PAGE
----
This is the kind of nightmare envisioned in the dystopian world of George Orwell’s novel ‘1984’.
Here’s the Police Board Chief Inspector Måns Enqvist laughing off the worries by those of us who correctly deem this intrusion by law enforcement to be an over the top, hard fisted invasion of the state in areas where it most certainly doesn’t belong:
Some have called the web police the “thought police.”
”That’s probably from the milder end,” says Enqvist, with a laugh.
“Some people have suggested that the police are trying to curb freedom of speech. That’s not what this is about. Just like in traffic, we carefully consider when to move in depending on a variety of factors including the law,” says Enqvist.
State broadcaster YLE held a ‘Hate Speech’ evening on public paid tv, which was nothing more than a clapping seal event, in which participants applauded state intrusion on the public square in one form or another. I had to turn off the set.
Police recruitment drive for 25 new online officers
Finnish law enforcement is taking a stronger stance against online crimes with the recruitment of 25 new web police officers. Set to start up in March, the new web police unit aims to curb online crime and hate speech.
Finland’s 11 police departments will get a boost to their online supervision this year, with each region to take on at least one web police officer by March. A special unit of ten web police officers will be established in Helsinki, which is also where the crime investigation unit will be based.
“Providing a way to prevent online crimes and hate speech shows that these issues are taken very seriously,” says Police Board Chief Inspector Måns Enqvist.
The main goal is prevention. That can mean that a web officer gets involved with a restless conversation on Facebook or Twitter. The idea is that the online police presence will have the same effect as seeing a police officer in a coffee shop in real life – it calms people down, in this case from going off the rails in virtual reality.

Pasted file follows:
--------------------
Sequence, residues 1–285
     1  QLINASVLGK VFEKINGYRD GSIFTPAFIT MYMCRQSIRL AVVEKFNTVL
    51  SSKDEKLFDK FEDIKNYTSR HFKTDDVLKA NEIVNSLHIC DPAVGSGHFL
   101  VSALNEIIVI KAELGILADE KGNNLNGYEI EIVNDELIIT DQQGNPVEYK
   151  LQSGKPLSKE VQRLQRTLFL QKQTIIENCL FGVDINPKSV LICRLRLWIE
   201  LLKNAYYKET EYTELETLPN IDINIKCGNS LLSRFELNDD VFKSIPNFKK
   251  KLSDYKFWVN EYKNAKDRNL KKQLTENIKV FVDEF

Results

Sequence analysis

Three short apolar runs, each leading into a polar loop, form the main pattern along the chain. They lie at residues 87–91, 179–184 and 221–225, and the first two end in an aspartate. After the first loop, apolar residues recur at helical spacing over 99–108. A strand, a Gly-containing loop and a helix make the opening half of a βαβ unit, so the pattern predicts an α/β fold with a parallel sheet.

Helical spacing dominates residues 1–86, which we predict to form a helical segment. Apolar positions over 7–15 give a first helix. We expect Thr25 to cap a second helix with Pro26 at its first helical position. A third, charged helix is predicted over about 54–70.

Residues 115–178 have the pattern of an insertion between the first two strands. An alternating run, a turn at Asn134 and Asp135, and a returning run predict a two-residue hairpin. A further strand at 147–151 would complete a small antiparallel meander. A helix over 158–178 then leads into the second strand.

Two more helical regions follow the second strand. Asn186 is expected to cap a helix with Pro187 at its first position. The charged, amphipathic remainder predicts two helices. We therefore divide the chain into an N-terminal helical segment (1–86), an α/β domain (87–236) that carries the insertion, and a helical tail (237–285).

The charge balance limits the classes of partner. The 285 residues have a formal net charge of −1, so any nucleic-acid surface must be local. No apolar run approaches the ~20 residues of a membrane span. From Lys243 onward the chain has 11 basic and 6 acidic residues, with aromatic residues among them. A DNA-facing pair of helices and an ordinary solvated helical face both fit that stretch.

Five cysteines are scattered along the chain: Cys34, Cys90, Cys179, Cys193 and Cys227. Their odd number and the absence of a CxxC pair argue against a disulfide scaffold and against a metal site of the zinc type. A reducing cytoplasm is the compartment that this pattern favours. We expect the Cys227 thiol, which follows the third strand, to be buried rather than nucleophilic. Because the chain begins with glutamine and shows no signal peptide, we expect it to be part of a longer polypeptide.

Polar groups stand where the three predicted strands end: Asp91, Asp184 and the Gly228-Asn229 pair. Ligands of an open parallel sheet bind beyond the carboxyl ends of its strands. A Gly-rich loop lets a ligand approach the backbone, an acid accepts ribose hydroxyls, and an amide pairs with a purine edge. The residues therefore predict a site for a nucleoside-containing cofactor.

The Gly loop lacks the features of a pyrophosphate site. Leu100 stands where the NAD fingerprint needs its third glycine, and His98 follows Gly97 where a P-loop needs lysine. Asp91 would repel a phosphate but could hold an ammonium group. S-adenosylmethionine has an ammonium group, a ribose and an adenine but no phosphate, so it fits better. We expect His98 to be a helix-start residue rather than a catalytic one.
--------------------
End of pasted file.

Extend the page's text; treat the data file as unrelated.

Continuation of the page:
“This is regular police work (comprised of) advising, suggesting and giving orders. When a certain limit has been exceeded, then the issue will be investigated,” says Enqvist.
The new police will be paid and trained with additional funding from parliament approved in a supplementary budget. The police and the Finnish Security Intelligence Service SUPO supplementary will receive some 10 million euros in additional funding, of which 1.26 million euros is earmarked for the online police.
Police: It’s not a question of restricting freedom of speech
There is a lot of talk about hate crimes and hate speech, but charges and subsequent convictions for hate-speech are relatively rare. For example, during the past five years charges of ethnic agitation in Finland have only been prosecuted 14 times.
Internet surveillance and charges raised against comments made on social media have angered some Finnish residents. For example, Finns Party members Teuvo Hakkarainen and Sebastian Tynkkyen, who have both been convicted of ethnic agitation, have criticized their convictions citing restrictions on freedom of speech.